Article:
Included in the discussion has been the need for a ground transportation system that will meet the needs of Airport growth. The 407 extension is a positive for CYPQ, as it helps improve travel time to the GTA area, and also allows doors to open to attract clients from the GTA and Durham areas, to Peterborough. 

Airport leaders are working on how to maximize the potential of working together. Possibilities include joint marketing and identifying the airport capacities, such as available land for development. Airports will also partner to work with various levels of Government on projects such as funding or enhanced Government services to Airports; for example Customs, and CATSA.

It is estimated that 500,000 pilots and over 600,000 aircraft mechanics (AME’s) will retire in the next ten years in North America. Research and Development in Canada is another growing industry. It was reported by the Federal Government that in 2014, R&D contributed $29 billion to the GDP and employed 180,000 people. 

What does all this mean for the future of the Peterborough Airport and the Aerospace sector? 

In 2009, City Council adopted a business plan, which has guided staff on business development. The plan outlined the following areas with high potential:  Education, MRO’s (Maintenance & Overhaul Operators), Research and Development, Aerospace Manufacturing and Engine Overhaul businesses. The overall goal of the Airport is to be an industry leader and economic driver for the region. Major tenants such as the Seneca School of Aviation, Flying Colours, and Kadex not only provide employment but also provide unique services to the Aerospace Sector. 

The Peterborough Airport boasts the longest civil runway between Toronto and Ottawa, competitive serviced land for development, a streamlined construction process, assistance from Peterborough Economic Development, great proximity to Hwy 115 (407), an established aerospace sector in the region, and healthy partnerships with Fleming College and Trent University.  Work/life balance and quality of living are also important factors when companies consider relocating. Peterborough offers great opportunities for employees and their families who choose to locate here.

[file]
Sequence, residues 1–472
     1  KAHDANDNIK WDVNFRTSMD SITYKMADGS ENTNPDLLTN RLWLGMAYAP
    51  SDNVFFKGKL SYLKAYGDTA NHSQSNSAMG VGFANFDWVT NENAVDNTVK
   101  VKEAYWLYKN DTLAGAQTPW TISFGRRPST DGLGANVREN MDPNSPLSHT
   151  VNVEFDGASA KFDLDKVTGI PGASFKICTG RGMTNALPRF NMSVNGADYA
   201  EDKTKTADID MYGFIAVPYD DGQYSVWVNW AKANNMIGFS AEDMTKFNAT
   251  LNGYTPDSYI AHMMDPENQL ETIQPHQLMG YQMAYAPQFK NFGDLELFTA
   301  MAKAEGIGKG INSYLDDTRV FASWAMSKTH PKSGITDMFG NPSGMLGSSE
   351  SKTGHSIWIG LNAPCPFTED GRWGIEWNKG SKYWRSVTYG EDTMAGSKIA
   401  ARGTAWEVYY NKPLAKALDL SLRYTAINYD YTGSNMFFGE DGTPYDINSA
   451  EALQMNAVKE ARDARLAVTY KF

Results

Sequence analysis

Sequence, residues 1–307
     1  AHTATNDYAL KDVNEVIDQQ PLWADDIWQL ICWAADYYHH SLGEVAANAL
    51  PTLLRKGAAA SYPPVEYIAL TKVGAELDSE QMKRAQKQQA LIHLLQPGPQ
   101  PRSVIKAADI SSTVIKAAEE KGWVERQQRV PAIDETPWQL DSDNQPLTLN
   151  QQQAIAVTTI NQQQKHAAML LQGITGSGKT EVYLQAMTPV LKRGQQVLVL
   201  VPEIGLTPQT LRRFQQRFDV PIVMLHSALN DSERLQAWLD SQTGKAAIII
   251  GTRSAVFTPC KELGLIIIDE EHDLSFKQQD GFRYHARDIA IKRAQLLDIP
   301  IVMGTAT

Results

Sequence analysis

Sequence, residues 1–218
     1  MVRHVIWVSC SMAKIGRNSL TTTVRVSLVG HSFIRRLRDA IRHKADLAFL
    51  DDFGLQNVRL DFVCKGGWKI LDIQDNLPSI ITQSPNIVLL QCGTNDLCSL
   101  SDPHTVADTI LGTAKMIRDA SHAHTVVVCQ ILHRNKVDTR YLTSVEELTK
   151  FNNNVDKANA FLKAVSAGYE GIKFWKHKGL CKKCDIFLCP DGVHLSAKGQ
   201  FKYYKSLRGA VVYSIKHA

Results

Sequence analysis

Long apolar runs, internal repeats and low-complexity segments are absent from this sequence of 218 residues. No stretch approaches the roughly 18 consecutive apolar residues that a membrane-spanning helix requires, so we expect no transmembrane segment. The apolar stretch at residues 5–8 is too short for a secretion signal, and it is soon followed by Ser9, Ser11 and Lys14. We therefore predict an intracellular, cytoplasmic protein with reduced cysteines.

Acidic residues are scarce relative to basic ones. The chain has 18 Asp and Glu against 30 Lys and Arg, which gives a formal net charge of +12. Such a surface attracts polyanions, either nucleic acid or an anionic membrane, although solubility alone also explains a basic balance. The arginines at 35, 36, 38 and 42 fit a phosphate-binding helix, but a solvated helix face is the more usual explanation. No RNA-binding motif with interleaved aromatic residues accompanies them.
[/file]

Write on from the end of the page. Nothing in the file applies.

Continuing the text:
The Peterborough Airport has been recognized by its peers for its innovative thinking. Carlson Wagonlit Stewart Travel’s destination charter flights are a great example. Overcoming many obstacles, Stewart Travel is meeting the demands of travellers wanting to fly locally to avoid the drive, higher cost and inconvenience of flying out of Pearson Airport. NextJet’s recent announcement to offer flights to Kitchener, Gatineau (Ottawa) and Montreal will not only help residents of the Peterborough region who travel for leisure or business, but will also be another tool for industry and tourism, to attract visitors to the region.

General Aviation has experienced some substantial growth as well. In the last six years close to thirty private hangars have been built at the Peterborough Airport. General Aviation does not just include small recreation aircraft but also includes twin engine and jet aircraft. 

Over the next few months the Peterborough Airport will continue to work with GTAA and regional airports to determine how it can share in the success of Pearson Airport, as well as how to attract new opportunities to Central Ontario.